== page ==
Update: Saturday, March 12, 2016 at 11:01 p.m.:
Members of the Senate have also approved the conference committee version of House Bill 4013, requiring voters to show some form of identification at their polling places. The bill passed 26 to 8.
House Bill 4013 now heads to Governor Tomblin for further consideration.
Update: Saturday, March 12, 2016 at 10:23 p.m.
The House of Delegates passed House Bill 4013, the voter ID bill after it was sent to a conference committee. The bill passed in the chamber 77 to 21 with no debate.
A conference committee, made up of three members of the House and three members of the Senate, have agreed to amend House Bill 4013, a bill that would require voters to show some form of identification before casting a ballot.
In the agreed to conference committee report, a voter could use any government issued card, whether it contains a photograph or not. They can also use:
- A health insurance card
- A utility bill
- A bank card or bank statement
Conferees removed from the list the ability to use a credit card or pay check to verify a voters identity, however, a poll worker or any other adult who has known the voter for more than 6 months could verify their identity without signing an affidavit as required in a previous version of the bill.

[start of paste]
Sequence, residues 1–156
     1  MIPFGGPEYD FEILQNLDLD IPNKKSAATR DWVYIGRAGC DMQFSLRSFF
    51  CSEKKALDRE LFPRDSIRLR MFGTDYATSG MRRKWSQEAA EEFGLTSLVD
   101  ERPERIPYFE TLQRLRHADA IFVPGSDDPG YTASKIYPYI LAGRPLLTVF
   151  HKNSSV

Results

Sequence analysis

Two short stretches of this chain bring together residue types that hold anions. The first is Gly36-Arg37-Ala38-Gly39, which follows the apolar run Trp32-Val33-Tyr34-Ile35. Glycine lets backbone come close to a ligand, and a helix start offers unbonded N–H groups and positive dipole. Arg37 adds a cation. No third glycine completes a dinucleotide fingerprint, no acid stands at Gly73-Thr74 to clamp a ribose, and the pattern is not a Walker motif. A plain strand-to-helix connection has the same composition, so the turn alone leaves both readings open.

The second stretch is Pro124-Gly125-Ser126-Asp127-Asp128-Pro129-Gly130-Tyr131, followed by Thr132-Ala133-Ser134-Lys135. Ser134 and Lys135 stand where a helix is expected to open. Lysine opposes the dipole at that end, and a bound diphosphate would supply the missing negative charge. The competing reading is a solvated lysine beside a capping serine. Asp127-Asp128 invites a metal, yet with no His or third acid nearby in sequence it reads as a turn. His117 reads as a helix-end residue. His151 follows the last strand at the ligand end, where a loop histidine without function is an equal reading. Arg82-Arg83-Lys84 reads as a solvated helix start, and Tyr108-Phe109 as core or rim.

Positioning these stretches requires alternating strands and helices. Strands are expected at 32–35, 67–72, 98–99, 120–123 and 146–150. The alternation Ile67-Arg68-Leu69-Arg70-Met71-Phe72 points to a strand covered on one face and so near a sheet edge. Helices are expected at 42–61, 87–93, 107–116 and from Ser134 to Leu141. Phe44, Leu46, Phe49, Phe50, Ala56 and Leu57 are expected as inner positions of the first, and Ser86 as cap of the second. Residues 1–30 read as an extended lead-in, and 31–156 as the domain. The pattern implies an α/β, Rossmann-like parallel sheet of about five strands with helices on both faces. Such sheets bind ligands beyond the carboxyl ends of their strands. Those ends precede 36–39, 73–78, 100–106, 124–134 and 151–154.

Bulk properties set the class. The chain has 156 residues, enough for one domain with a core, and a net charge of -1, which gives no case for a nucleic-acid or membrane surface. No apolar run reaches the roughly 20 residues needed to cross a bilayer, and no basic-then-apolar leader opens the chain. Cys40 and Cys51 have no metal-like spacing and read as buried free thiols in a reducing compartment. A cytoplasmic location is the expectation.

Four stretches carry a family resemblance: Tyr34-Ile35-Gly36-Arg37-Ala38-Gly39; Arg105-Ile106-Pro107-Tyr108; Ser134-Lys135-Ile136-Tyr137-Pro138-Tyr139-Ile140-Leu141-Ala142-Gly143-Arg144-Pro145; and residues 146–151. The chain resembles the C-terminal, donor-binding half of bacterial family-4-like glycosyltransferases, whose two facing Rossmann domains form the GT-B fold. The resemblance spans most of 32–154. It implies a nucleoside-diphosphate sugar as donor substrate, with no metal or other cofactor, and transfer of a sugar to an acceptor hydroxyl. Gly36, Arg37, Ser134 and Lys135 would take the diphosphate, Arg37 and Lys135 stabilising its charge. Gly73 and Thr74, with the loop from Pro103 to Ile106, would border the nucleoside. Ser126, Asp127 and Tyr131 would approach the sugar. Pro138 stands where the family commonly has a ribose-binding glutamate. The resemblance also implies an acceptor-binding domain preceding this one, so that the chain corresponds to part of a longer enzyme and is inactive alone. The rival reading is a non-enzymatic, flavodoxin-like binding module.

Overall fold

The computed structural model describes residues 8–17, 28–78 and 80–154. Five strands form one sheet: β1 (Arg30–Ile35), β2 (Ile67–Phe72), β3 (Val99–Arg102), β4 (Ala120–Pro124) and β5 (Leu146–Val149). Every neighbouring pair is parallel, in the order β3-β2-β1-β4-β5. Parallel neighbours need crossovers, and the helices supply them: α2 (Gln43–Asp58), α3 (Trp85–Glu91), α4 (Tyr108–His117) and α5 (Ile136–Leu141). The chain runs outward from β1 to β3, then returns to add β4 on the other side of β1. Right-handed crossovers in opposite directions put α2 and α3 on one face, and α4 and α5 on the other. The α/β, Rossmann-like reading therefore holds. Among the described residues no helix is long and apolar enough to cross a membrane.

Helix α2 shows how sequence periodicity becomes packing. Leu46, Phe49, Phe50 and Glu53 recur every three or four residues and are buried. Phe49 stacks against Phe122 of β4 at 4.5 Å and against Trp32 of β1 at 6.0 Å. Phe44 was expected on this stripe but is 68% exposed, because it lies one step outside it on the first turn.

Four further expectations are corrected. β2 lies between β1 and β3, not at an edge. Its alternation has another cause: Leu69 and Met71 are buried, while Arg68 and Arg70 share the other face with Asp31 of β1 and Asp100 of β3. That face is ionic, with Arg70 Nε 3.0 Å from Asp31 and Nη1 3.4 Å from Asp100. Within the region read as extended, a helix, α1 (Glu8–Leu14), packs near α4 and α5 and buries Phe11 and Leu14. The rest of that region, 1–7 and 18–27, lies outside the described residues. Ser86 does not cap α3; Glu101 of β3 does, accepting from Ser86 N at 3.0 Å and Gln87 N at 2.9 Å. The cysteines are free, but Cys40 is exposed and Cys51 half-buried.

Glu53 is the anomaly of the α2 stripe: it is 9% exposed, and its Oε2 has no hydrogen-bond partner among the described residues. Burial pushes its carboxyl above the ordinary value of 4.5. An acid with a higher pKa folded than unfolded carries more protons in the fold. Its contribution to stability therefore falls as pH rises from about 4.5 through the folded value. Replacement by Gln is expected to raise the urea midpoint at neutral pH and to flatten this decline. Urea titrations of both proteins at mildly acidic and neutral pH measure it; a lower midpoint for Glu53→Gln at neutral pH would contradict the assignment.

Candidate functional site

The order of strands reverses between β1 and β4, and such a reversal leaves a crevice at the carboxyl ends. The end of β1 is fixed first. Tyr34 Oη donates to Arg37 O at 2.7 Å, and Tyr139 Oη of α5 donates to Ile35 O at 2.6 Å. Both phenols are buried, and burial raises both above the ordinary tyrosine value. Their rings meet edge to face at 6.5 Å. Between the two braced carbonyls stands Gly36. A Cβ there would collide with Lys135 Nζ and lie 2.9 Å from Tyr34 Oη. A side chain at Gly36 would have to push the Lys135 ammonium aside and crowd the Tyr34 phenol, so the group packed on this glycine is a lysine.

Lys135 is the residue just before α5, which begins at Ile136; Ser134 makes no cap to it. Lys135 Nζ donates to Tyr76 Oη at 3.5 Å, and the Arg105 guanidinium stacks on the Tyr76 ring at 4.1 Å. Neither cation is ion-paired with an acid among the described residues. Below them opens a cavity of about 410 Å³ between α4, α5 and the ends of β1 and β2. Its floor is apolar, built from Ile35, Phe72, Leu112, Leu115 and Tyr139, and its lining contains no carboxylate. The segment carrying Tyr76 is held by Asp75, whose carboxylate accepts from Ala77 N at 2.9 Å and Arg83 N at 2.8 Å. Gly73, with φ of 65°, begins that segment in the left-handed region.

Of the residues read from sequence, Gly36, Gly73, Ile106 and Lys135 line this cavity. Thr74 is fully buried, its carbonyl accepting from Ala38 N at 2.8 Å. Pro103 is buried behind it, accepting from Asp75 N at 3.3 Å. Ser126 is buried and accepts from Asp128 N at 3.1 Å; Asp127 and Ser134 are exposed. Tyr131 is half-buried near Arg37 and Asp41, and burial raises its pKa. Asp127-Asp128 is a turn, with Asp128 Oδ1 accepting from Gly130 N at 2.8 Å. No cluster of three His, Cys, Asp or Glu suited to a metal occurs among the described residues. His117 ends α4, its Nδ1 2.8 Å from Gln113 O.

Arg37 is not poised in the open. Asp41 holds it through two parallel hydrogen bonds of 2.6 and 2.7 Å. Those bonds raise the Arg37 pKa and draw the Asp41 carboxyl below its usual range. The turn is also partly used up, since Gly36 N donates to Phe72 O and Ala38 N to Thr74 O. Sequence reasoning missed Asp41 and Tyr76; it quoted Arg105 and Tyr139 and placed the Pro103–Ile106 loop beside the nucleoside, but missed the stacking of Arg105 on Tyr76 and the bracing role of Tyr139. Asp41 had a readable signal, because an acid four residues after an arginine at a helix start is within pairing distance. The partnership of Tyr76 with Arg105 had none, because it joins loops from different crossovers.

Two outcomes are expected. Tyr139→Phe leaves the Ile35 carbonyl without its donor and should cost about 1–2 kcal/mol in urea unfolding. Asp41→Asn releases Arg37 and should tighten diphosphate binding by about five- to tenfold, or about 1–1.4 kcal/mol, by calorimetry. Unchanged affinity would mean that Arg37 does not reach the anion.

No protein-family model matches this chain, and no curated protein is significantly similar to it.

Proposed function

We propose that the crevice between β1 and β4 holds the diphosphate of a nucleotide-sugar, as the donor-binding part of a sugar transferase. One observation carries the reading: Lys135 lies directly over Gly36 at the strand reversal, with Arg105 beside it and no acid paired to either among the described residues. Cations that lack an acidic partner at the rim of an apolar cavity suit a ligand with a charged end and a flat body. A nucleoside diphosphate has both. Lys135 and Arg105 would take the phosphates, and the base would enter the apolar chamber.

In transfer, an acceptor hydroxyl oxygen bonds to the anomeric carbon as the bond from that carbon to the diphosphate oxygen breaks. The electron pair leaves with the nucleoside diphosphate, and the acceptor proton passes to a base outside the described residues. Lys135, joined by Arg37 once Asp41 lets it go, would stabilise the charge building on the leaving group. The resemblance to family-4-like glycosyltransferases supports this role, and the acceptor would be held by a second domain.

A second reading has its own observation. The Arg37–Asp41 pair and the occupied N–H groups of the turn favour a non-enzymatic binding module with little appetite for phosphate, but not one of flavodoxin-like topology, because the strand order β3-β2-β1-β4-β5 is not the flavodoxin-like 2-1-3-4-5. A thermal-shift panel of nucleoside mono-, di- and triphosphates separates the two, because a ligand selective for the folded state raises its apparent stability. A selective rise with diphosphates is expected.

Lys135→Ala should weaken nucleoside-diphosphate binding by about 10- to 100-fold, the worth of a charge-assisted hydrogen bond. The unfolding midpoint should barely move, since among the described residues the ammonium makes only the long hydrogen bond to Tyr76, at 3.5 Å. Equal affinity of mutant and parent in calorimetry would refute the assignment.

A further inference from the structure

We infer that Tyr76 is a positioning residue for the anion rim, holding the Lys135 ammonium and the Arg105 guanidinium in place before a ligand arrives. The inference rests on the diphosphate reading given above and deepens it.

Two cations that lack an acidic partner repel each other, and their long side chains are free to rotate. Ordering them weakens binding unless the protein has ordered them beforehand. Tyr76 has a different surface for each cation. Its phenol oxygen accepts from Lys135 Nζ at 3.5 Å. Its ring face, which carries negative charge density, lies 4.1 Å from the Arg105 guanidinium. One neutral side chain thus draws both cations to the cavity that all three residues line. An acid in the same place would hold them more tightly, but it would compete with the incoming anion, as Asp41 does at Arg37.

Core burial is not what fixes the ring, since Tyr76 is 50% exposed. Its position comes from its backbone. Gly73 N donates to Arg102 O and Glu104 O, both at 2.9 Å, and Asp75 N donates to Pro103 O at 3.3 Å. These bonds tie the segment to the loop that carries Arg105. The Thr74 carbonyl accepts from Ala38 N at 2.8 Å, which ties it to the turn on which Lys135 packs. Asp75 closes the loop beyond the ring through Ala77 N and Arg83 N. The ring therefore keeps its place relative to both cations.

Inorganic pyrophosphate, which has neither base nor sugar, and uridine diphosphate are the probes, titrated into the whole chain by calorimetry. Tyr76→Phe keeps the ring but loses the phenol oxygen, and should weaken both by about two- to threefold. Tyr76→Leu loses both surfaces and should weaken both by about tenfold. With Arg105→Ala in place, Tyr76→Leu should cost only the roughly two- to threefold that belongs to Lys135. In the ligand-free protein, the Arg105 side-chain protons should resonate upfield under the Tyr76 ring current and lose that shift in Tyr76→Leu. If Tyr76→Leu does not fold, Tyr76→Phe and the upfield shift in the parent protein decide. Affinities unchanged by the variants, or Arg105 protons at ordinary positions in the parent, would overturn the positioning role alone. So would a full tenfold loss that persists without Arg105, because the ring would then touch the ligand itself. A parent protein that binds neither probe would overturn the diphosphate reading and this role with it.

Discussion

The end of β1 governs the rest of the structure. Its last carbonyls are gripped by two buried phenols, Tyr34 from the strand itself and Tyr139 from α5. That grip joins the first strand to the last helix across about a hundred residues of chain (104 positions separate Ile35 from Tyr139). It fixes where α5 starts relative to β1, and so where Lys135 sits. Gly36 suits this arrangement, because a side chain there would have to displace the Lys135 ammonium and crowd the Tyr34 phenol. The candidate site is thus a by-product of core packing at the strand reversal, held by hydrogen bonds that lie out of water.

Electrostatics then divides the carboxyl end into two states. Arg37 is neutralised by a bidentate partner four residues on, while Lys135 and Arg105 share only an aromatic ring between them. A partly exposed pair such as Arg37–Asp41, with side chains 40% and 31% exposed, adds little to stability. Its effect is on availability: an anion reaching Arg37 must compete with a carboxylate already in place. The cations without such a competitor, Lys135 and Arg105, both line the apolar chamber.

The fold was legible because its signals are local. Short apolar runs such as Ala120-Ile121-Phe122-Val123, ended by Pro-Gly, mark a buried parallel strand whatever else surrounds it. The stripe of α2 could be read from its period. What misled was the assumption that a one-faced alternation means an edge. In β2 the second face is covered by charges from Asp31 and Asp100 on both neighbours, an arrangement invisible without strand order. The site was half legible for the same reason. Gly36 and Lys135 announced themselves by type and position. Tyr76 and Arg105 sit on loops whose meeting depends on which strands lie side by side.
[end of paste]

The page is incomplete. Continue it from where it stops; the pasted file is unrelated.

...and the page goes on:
The conference bill also includes an automatic voter registration process to be housed in the Division of Motor Vehicles. The Secretary of State's Office is required to write legislative rules detailing the process, which will need the approval of the Legislature during the 2017 session.
Currently, DMV workers are required to ask a a potential voter to opt in to the registration process. This bill would require them to opt out.
"I hate to lose any of the options that we had because I think if we're going to make a voter ID law, let's make it as easy for the voter to comply as possible," Democratic Sen. Corey Palumbo said after the committee finished their work.
Palumbo had sponsored the amendment expanding the list of verifying documents in the Senate's Judiciary Committee, but some of his provisions were removed.
"Narrowing it down at all troubles me a little bit, but honestly I thought we were going to have to give up more than we did."
Palumbo had also amended the bill to include the automatic voter registration provision,, which was kept and only slightly amended to include the rule making authority more clear.
The conference committee's negotiated bill will still need the votes of both chambers before it can be sent to the governor.